The Phoenix School’s 6th-8th graders recently got back from the Florida Everglades and have spent the last two weeks going over their research and discussing what they had learned on the journey. Since the Kindergarten through fifth graders had also completed a similar imaginary journey, the two groups were able to share notes and discuss their findings.
There was much debate about who really had the better time.
There is no debate however that the actual trip to the Everglades itself was an exciting adventure for all involved, especially for two students James (7th grade) and Emma (6th grade). Throughout the week the students rode bikes through Shark Valley, canoed through the mangroves, explored wild Anhinga trails, navigated into Cypress domes on a slough slog, and kicked back at the Hoosville Hostel in Homestead.
“The first night we were there, even before we went to the hostel, we stopped at Anhinga Trail,” James explained. “It’s this really beautiful space with a boardwalk where you can see Anhingas. Each student had a chance to walk to the ends of the boardwalk by themselves, which was really creepy because you could hear the little slaps of the tails of fishes on the water as you moved.
“But every so often you would hear a much larger slap on the water, and those were the alligators,” he added.
The next day, the students met up with Christopher Kavanaugh, a marine biologist for the Everglades ecosystem who talked to the kids about the salinity of Florida Bay and the impact of boat passage through the delicate environment.
Another exciting part of that week was a 2.5-mile kayak trip in Flamingo right next to Florida Bay.
“We didn’t see much on the way up there,” James remembered, “we were just kayaking. Then on the way back, the incredible things started to happen.
“A manatee came up to our kayak and bumped it before swimming past underneath us. If it had been something else it would have been frightening, but manatees are so friendly and curious.”
The last adventure of the trip was a 15-mile bike loop through Shark Valley where students could see more flora and fauna both up close and from above at the observation tower halfway through the ride,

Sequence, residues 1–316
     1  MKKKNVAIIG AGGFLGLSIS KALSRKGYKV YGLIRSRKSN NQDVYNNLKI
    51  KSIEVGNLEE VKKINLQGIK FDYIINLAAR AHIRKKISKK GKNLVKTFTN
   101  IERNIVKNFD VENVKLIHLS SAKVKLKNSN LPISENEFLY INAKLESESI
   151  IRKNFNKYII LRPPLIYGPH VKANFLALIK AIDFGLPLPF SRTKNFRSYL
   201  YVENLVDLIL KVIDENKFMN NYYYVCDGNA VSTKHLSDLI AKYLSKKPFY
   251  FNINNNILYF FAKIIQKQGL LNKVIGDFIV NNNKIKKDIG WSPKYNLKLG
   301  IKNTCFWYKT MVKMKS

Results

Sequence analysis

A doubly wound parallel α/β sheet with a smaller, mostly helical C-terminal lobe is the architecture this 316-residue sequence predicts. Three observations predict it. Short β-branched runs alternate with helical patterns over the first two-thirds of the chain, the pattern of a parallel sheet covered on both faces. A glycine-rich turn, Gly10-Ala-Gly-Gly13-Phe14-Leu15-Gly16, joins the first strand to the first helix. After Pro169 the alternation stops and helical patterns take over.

Emma (6th grade) found the bike trip to be especially interesting because this was her first time doing something like this.
“On the bike trip, I couldn’t believe how easy it was. I didn’t fall one time. Now I know what people mean when they say ‘It’s as easy as riding a bike,’” she said.
During the trip, the students also had to be wary about accidentally running over the local wildlife.
“At one point there was a large alligator just lying in the trail,” Emma recalled. “We just went around it. Fortunately, the alligator didn’t mind us at all, because if it did I don’t think I could’ve gotten my bike up to more 15 miles per hour which is how fast an alligator can run.”
“Here pedestrians get the right of way, there, the alligators get the right of way,” James explained.
About The Phoenix School:
Phoenix revolutionized education almost forty years ago when the prevalent teaching methodology was turned on its head, and students were given an active voice and role in the classroom and their education. Today, we continue to pioneer with our innovative, experience-driven learning community. Phoenix provides students with the tools, ideas and encounters to help them be the best versions of themselves. With teachers as their partners in the PK-8 education equation, students learn to emphasize process over product, executing project-based learning through a robust curriculum. Phoenix helps students think critically, explore deeply, work collaboratively, contribute globally, learn from failure and celebrate success. Our core values are creativity, perseverance, citizenship, innovation and empathy.
Learn more at www.phoenixschool.com